By Michael Goldstein
By Dennis Romero
By Sarah Fenske
By Matthew Mullins
By Patrick Range McDonald
By LA Weekly
By Dennis Romero
By Simone Wilson
“It sort of hit me — or more exactly, I hit it,” says Joe. “I had the car accident because of the way my Sirius was set up. I had to look down to see the display, and I had to constantly change the radio station that the FM modulator was using because the signal would be overrun by a local station. It dawned on me right there that I needed a professional installation. I wanted the display nice and high and the signal to be hard-wired into my car.”
After that moment of clarity, the dominoes quickly fell. “What I really wanted,” Joe says, “was XM. I was listening to hockey a lot, so when baseball season opened I knew I wanted that. I would still get lots of commercial-free music — although I do miss Radio Margaritaville.”
In exchange for Jimmy Buffett, though, he’s gotten a ton of stations he loves: “Tom Petty’s Buried Treasure has been really cool. Bob Dylan’s Theme Time Radio Hourhas also stood out. He picks a subject like baseball or summer and just has a lot of fun with the idea. I love David Gans’ Grateful Dead Radio Hourearly Sunday mornings on the way to tennis. What’s so good about the music selection on XM is how deep they get into catalogs. Did you know Lynyrd Skynyrd has more than three songs? When was the last time you heard Wishbone Ash or Uriah Heep or old Deep Purple? Good stuff. But, as expected, I still listen to baseball or hockey (season permitting) every chance I get. Let’s go Mets.”
So that’s how we became a two-subscription family. I inherited his Sirius unit, somewhat reluctantly. And now that I have satellite radio, I love it.
Though it loses its connection sometimes for a couple of seconds in the canyons, all stations come in crystal clear. And I am forever spoiled by the display of what song is playing — I have been turned on to so many obscure bands. Plus, classic rock has become classic again. Instead of the same Led Zeppelin songs KLOS plays over and over, the Sirius ’70s station digs way deeper.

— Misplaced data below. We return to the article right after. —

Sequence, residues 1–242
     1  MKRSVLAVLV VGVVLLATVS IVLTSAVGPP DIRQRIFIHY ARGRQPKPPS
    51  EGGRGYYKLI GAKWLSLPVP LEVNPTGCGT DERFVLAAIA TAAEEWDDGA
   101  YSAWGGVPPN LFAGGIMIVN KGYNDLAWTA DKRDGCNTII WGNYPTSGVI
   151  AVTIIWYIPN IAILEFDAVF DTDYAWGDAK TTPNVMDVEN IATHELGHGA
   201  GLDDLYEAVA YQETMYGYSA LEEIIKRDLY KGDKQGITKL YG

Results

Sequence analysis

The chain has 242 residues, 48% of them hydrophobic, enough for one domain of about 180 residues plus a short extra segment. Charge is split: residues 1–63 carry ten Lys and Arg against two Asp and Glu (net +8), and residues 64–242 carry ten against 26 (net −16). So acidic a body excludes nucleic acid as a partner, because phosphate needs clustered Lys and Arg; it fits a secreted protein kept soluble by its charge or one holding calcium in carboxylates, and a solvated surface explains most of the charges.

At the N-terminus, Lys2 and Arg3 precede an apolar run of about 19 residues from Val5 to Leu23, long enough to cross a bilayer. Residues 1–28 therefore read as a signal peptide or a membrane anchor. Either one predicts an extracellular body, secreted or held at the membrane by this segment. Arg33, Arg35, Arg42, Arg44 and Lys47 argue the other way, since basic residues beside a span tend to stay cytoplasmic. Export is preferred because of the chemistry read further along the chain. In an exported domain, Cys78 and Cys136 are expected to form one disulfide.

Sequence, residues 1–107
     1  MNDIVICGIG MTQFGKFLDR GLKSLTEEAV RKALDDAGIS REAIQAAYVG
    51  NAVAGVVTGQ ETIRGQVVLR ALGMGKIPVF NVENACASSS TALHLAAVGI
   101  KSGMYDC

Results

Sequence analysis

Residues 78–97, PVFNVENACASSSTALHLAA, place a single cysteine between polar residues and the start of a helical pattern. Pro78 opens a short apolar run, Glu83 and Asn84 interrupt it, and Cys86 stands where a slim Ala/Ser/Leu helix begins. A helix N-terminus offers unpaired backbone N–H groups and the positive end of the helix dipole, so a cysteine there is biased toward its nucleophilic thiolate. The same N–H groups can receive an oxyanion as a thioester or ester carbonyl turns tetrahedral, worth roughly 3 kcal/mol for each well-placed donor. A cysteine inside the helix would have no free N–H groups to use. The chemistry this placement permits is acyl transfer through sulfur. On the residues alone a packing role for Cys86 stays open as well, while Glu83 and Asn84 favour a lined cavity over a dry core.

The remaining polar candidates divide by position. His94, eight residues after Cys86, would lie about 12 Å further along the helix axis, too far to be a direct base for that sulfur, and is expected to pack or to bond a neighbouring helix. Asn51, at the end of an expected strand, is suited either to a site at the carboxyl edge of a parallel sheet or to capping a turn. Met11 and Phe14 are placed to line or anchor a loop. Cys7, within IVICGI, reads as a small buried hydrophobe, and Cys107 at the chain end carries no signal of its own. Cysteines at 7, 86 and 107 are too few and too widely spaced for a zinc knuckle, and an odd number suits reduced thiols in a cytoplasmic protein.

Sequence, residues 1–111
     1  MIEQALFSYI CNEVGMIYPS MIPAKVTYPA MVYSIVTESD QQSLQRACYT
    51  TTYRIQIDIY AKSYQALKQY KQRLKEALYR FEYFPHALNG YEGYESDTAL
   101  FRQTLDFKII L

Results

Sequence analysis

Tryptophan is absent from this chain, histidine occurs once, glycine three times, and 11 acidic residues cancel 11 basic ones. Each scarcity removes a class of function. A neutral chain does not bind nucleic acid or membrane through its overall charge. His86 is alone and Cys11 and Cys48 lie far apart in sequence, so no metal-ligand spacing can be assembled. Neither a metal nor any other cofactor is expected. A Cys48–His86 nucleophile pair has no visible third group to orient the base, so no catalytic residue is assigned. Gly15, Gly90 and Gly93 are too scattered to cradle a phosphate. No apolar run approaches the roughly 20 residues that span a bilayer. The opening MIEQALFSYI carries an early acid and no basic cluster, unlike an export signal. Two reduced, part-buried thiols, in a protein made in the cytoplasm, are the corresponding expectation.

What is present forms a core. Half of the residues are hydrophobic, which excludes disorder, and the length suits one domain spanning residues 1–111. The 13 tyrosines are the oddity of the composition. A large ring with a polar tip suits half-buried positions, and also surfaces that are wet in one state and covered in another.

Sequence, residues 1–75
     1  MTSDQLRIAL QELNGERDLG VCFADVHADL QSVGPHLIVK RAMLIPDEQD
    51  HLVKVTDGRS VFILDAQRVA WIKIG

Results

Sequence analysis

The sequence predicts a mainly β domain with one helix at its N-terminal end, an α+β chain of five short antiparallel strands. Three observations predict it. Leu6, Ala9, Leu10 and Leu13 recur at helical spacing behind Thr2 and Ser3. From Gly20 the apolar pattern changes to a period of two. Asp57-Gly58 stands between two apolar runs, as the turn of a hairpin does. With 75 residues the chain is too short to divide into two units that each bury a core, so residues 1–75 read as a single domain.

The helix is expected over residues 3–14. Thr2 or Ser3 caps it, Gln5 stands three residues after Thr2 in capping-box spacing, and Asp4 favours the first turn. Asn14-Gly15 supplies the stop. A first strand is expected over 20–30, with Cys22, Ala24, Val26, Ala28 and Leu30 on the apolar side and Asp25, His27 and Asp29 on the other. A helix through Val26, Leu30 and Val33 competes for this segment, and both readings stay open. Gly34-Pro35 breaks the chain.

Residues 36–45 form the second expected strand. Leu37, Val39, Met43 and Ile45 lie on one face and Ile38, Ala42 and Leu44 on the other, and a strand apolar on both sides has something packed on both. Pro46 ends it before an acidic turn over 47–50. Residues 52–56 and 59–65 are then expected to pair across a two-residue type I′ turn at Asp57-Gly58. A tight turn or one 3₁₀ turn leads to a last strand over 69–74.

But, most surprisingly, after several months, I have found that that special terrestrial connection between DJ and listener has made the satellite seem more like a rusty old antenna. The playlists get insanely eclectic on Disorder, Handsome Dick Manitoba and Joan Jett and Kim Fowley on Underground Garage speak to me as kindred music fans down the block. Mr. Manitoba sounds thrilled to be sharing stories of his Dictators days on the road opening for Cheap Trick while spinning forgotten punk songs and weird old stuff I’ve missed. Ms. Jett gives off this totally bored vibe, but plays some ripping tracks. And of course, even born-again sewer mouth Howard Stern — Sirius’ most famous poster boy — acknowledges that he’s reaching an audience that’s many millions less than his old terrestrial gig.
PS: Yeah, I miss Jonesy. But I hate L.A. less thanks to satellite radio.
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